5. ‘The Tories didn’t need AWS to get women from a diverse range of backgrounds elected in winnable seats and many of these now have senior Cabinet positions like Justine Greening, Amber Rudd, Andrea Leadsom, Liz Truss, Priti Patel, Karen Bradley.’

    Indeed. But female MPs still make up only just over 20% of the parliamentary Conservative party compared to 43% in Labour. I don’t support AWS but hard work to increase this number must continue. It can’t be assumed it will just naturally increase as in the past there have been prolonged plateaus.

  6. I don’t disagree with you, but your premise is that there are less talented women around than talented men. There is no evidence of that.

    (Whilst I’m no fan of Helen Goodman there are plenty of poor MPs who have not been selected by AWS and the evidence that worse MPs get chosen by AWS is slim/non-existent).

  7. Swinson did very well considering the SNP surge last year, holding off a much bigger swing. So I’m guessing it’s because it’s relatively pro-union (see Scot Ref) and perhaps she had a bit of personal vote.

    The majority remains small enough. I can’t see a seat like E Dunbartonshire staying with a pro-independence party. for ages Moreover there’s no guarantee Sturgeon is going to remain universally popular across Scotland for another 4 years. “Softer” seats like this are ripe for an odd LD gain. I think the Tories stand a good chance of taking Berwickshire, Roxburgh & Selkirk.

  8. Yes, the SP election already hinted that the odd situation of strongly unionist seats returning SNP MPs is unlikely to persist outside the traditional SNP heartland of the North East. This doesn’t necessarily require a fall in SNP support in these areas – unionist voters working out which candidate they need to support and a decline in turnout from the unusually high level of 2015 would suffice.

    In rough order of likelihood to fall in this way on current boundaries these seats would be:

    – Berwickshire, Roxburgh and Selkirk (CON)
    – East Dumbartonshire (LD)
    – Edinburgh West (LD)
    – North East Fife (LD)
    – West Aberdeenshire and Kincardine (CON)
    – Dumfries and Galloway (CON)
    – East Renfrewshire (LAB/CON)
    – Caithness, Sutherland and Easter Ross (LD)
    – Edinburgh North and Leith (LAB)
    – East Lothian (LAB)
    – Gordon (LD)
    – Edinburgh South West (LAB/CON)
    – Argyll and Bute (LD)

    Other SNP seats look fairly safe barring a major downturn in support.

  9. The problem is that the Lib Dems are the only tactical voting vehicle that most unionists can get behind. How would you feel about voting for Jeremy Corbyn’s Labour Party, if you lived in Scotland? Many Labour supporters would have the same problem in reverse, with the added issue that an SNP MP is a much better fit with their views on social and economic policy than a Tory would be.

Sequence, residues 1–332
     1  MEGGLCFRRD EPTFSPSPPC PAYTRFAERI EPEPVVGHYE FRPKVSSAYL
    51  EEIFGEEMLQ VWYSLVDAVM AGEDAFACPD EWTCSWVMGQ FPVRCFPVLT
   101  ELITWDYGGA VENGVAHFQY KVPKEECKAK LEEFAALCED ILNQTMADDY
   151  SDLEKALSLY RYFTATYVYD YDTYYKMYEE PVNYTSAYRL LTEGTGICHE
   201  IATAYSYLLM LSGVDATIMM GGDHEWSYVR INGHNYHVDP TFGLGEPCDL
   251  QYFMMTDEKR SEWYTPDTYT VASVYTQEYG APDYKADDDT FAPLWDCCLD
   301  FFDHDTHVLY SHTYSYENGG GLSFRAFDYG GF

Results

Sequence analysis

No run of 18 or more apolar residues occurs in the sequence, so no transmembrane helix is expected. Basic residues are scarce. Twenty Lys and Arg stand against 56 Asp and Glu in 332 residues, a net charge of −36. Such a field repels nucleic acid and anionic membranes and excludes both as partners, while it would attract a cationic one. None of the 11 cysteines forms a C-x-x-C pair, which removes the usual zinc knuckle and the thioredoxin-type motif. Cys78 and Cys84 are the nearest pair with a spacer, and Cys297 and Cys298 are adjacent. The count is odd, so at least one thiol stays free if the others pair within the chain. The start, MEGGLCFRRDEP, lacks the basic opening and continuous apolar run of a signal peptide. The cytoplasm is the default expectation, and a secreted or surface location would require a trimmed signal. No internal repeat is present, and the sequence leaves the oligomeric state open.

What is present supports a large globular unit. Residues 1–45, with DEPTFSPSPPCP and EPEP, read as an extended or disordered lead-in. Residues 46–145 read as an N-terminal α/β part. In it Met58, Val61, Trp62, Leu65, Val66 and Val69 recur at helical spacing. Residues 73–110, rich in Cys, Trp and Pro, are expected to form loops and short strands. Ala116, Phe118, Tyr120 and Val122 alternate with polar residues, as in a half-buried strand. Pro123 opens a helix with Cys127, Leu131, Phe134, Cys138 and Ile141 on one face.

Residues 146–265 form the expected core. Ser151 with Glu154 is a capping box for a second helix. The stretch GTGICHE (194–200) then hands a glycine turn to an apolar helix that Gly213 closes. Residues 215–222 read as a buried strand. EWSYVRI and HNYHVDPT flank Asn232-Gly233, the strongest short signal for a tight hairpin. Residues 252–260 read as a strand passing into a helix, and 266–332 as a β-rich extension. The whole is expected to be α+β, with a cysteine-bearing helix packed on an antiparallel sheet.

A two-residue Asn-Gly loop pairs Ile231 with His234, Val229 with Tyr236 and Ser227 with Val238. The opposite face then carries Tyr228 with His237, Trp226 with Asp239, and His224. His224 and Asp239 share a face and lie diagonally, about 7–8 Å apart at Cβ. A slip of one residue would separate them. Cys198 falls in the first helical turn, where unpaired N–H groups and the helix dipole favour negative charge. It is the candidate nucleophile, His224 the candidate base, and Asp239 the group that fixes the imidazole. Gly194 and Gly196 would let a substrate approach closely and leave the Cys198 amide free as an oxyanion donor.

10. Of course AWS were deemed illegal when first used, Labour passed the Sex Discrimination (Election Candidates) Act 2002 to get around this. Just for giggles it would make for interesting mischief for a Female Prime Minister’s government to repeal it.

    Tory women get to be Prime Minister; Labour women get to go in a pink van.

  11. Absolutely bizarre story came across my Twitter feed today. Worth a read and a scratch of the head. http://www.markpack.org.uk/147310/marcus-fysh-bullying-accusations/

  12. Sounds like more local Lib Dem sh*t stirring

  13. As an establishment politician, Lord Carlile always struck me as quite an odd Liberal Democrat, lacking perhaps the liberal instincts and likeable manner of many of his former colleagues

    I’m surprised he’s quit though as he always struck me as relatively pro European

  14. Alex Carlile was MP for my constituency. He was generally highly-regarded and many people wished he had not stood down. His successor, of course, was not so highly regarded at the end of his tenure!

  15. Daisy Benson who was to have been the LibDem candidate here has now stood down. The election has come at the wrong time as she’s in the process of buying a house in the constituency…

  16. Very sad news. She would have been a fantastic MP if elected

  17. She should just pick a house at random and say it’s hers like Nutter did in Stoke

  18. That probably kills any chance at all they had here.

  19. UKIP not running here, will support Marcus Fysh

  20. Amusing, if not very informative, article in today’s The Times about Yeovil. The online podcast is much fuller. On a purely subjective level I don’t think the Tory candidate came over very well, while his LD opponent did. But as I say, a purely objective assessment. In any event the large 2015 UKIP vote should ensure the Tory is returned.
    Of wider consequence, the question was asked whether the LDs have any long term future as a strongly pro- Remain party in the very Eurosceptic West Country. Tim Farron’s strategy of appealing to the 48% Remain vote wil play well in some urban, middle class constituencies, but might well even cost seats currently held in strong Brexit areas. In any event, only about 22% now think Brexit should be reversed.

  21. It was daft of Farron to play the overt anti brexit card, given that the southwest a historic centre of liberalism voted decisively for brexit. I never understood that!